1. Monuments at all property corners
  2. A written description of the property
  3. A plan of the property
  4. A report explaining the basis of decisions and judgements made to determine the boundaries.
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How will the boundaries be marked?

This also depends on what the client and the surveyor have agreed to. Monuments may include wooden posts, iron pins or pipes, marked trees or concrete monuments. Maine survey standards require that each monument set by a surveyor must clearly show his or her license number. Additionally, you may want to have the surveyor blaze and/or paint trees along the boundary line.

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Is a plan of the survey necessary?

Unless the client specifically excludes a plan from the scope of services, State rules require that one be prepared. The plan provides the client with a permanent record of the survey. If any of the monument are lost of destroyed, they can be replaced with the information shown on the plan. All plans must be embossed and signed by the surveyor indicating that the survey conforms to State standards and that the surveyor has checked the work and stands ready to defend it.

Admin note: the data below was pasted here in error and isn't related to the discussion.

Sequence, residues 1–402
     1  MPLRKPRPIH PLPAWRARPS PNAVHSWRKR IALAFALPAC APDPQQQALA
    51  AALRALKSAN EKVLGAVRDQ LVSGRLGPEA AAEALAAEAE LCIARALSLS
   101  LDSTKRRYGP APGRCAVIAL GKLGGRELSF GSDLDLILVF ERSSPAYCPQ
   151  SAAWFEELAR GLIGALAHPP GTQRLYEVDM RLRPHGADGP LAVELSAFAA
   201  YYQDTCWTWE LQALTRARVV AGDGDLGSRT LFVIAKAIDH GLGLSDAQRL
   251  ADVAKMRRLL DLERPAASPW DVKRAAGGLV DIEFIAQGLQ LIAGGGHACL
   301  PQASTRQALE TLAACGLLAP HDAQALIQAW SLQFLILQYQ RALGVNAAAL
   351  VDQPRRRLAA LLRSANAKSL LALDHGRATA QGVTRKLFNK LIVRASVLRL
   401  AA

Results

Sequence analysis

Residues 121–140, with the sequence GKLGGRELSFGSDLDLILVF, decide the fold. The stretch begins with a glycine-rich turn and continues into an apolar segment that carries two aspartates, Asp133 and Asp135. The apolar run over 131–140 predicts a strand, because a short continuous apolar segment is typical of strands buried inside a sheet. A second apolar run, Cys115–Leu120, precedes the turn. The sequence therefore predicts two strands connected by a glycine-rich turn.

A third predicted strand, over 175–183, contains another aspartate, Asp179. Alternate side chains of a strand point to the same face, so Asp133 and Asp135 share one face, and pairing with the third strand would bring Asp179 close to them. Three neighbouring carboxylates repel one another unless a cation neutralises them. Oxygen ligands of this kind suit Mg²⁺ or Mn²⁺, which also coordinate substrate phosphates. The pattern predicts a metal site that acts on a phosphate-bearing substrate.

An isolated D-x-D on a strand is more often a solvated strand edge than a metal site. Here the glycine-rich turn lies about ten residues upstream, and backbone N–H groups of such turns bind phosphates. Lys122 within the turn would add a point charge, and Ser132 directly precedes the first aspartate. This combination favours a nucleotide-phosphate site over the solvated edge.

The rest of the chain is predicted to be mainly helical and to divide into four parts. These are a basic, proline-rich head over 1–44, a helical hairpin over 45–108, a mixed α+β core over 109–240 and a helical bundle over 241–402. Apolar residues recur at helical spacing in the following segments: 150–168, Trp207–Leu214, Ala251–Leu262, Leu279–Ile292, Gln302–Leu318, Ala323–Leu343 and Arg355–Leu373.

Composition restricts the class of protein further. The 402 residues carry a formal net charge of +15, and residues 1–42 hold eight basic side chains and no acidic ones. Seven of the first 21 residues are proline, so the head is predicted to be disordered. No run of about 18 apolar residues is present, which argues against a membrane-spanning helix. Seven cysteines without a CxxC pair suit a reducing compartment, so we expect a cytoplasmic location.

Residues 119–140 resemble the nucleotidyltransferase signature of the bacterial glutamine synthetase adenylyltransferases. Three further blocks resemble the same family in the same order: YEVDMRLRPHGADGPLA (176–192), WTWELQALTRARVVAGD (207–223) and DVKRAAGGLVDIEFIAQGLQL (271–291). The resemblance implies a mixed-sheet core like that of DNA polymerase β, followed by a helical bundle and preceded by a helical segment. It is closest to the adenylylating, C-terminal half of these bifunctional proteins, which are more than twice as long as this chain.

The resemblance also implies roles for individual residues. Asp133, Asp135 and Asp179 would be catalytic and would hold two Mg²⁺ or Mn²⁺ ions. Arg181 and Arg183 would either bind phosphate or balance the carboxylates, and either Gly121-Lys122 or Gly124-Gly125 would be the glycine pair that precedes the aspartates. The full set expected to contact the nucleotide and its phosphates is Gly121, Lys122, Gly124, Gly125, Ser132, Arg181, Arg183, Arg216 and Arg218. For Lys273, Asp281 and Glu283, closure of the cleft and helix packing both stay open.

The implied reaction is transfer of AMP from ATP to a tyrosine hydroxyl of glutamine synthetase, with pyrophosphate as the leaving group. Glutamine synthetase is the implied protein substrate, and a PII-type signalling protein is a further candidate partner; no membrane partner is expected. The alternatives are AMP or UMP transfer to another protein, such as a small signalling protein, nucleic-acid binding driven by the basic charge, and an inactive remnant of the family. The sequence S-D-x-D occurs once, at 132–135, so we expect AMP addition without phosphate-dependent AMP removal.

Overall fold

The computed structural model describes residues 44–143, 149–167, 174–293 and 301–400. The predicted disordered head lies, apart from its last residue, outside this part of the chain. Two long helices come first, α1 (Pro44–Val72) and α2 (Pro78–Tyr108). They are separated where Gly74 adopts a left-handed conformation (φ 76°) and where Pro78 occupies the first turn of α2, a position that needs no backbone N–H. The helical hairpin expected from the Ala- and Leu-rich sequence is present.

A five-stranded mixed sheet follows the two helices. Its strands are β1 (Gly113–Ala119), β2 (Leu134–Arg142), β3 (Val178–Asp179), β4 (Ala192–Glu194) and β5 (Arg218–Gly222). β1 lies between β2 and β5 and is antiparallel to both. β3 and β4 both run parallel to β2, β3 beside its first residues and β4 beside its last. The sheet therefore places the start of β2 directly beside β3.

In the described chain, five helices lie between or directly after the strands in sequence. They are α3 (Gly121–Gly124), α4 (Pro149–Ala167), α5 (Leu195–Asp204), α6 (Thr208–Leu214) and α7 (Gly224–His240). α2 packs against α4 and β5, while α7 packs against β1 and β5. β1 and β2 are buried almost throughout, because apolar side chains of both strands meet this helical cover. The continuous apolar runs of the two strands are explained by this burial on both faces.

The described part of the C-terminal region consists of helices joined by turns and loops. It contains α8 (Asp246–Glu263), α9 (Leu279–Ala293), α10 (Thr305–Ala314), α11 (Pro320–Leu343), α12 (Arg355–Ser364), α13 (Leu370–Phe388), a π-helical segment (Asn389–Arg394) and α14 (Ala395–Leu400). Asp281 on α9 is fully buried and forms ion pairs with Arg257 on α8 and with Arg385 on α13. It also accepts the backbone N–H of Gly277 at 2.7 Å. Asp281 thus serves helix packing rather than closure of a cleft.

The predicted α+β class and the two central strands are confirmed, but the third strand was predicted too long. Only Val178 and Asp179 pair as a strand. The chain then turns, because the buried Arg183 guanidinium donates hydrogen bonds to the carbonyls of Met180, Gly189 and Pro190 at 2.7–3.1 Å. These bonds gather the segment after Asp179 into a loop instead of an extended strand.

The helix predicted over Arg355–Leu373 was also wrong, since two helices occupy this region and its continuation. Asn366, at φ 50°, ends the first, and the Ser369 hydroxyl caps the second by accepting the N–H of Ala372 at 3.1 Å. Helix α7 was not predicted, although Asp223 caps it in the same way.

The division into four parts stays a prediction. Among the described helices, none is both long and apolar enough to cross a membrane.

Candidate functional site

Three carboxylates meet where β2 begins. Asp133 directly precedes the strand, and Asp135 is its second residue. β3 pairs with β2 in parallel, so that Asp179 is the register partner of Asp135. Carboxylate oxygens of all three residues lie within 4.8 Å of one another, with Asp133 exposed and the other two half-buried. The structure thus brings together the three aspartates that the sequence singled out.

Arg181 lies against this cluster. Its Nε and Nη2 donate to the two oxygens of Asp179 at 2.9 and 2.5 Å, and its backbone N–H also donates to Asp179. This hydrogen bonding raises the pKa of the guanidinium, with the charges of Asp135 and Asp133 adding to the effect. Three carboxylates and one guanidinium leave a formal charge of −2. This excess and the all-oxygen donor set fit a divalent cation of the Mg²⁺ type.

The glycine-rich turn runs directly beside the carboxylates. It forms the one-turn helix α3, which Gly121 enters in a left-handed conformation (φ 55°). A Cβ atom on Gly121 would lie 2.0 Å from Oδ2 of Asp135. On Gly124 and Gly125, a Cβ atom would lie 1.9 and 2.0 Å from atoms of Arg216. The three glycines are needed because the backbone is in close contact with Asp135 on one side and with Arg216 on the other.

If a plan is prepared, you should also record it in the Registry of Deeds. This not only preserves the work for future reference, but also puts the public on notice that the area shown has been thoroughly researched and documented. In a sense it provides insurance against most claims or disputes.

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How should I arrange for a survey to be done?

For a list of surveyors who are members of the Maine Society of Land Surveyors in your county please contact the Society at 126 Western Ave. - Box 211 - Augusta, ME 04330 or by calling (207) 882-5200. You will also find surveyors listed in the yellow pages and names may be obtained from town officials, your attorney, or the Board of Licensure for Professional Land Surveyors in Augusta. Or you may choose to visit the Maine Society of Land Surveyors' web site at www.msls.org.

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All information represented on this page was taken from the Maine Society of Land Surveyors pamphlet entitled "Questions and Answers about Boundary Surveys".